NASHVILLE, Tenn. (TSU News Service) – Tennessee State University has increased campus patrol with the addition of Metro Nashville Police officers. This comes following a shooting on campus Thursday night involving two males not enrolled at TSU. The combination of TSU Police Department and Metro law enforcement is part of the on-going relationship between the University and NPD.

“I want to thank Mayor Megan Barry and Metro Police for this

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President Glenda Glover

alliance to help provide a safe and nurturing environment for our students and peace of mind for their parents,” TSU President Glenda Glover said. “The last 48 hours have been a trying time for our University family, especially our students. My first priority is to assure them and their families that they are safe and will remain safe on campus. TSU’s partnership with Metro Police is not new. Chief (Steve) Anderson and I have talked in detail on many occasions regarding a strategic crime prevention initiative and have implemented phases of this plan to enhance what we are already doing on campus.”

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Mayor Megan Barry

Metro PD’s North Precinct began patrol Friday night with three walking teams of two officers under the supervision of a sergeant. The officers provided coverage around the residence halls and the immediate inner campus area. This included the student courtyard where Thursday’s shooting occurred. The increased walking patrol with the North Precinct officers will continue until a definite timetable has been established. The precinct will provide Flex Teams to increase visibility starting next week.

“This additional display of manpower should send a clear message to those individuals not associated with TSU that the University and City of Nashville will not tolerate you coming onto our campus to commit crimes or behave in an unlawful manner,” President Glover added.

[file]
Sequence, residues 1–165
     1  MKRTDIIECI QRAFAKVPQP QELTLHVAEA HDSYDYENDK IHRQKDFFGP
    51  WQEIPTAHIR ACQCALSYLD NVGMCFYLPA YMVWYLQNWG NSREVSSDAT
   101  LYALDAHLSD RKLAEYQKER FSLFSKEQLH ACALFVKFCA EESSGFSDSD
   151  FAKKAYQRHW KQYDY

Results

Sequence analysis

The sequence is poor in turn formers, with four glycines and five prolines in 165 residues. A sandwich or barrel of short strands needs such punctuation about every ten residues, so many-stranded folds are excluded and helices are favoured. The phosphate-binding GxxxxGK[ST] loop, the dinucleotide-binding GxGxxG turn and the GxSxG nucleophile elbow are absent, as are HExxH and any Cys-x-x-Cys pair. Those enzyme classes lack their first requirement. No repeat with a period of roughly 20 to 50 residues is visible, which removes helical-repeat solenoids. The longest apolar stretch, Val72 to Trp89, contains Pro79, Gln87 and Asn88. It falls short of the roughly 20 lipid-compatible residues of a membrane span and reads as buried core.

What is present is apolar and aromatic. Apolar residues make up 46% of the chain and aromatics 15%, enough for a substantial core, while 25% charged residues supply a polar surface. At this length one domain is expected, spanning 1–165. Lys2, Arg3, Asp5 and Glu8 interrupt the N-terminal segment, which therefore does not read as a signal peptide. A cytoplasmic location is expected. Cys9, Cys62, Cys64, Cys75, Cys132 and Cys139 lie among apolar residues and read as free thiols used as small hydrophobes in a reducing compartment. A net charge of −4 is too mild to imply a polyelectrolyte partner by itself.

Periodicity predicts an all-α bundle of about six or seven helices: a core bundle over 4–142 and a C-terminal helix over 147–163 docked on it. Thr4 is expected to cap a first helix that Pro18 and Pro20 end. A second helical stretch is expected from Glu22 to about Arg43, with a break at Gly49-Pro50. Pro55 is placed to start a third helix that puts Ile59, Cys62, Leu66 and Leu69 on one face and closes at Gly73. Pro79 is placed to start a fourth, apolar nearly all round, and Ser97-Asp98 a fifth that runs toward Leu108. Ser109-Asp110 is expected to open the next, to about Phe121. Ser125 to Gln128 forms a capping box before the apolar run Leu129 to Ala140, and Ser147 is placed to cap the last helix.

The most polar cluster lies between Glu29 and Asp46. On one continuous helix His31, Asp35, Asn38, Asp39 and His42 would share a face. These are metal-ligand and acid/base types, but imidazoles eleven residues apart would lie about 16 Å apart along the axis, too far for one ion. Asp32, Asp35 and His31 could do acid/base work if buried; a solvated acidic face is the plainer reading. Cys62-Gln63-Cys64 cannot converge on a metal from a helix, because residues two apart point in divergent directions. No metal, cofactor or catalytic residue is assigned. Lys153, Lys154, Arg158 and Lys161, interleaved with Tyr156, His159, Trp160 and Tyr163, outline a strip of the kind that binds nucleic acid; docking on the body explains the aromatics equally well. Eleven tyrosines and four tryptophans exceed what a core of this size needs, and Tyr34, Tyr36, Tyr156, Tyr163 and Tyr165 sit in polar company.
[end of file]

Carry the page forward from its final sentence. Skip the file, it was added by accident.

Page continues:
TSU continues to assist Metro with the investigation. The University has turned over four-mounted surveillance cameras in addition to a thumb drive with video footage from the courtyard and adjacent areas. Metro released a portion of that video that showed two gunmen firing weapons into an open area near the courtyard. NPD has erected a “Sky Cop” camera until the cameras are returned and remounted.

“We are hopeful that the release of this video will encourage eyewitnesses to contact Metro Police via their tip hotline,” TSU Assistant Vice President of Public Relations and Communications Kelli Sharpe said. “The TSU Student Government Association organized a town hall meeting on Friday where they asked fellow students to be a part of the University’s crime prevention measures.  This means coming forward with any information regarding this heinous crime and to report any suspicious or unlawful activity when they see it occurring. Like Metro, TSU has confidential systems in place to report suspicious activity before it escalates into something more.”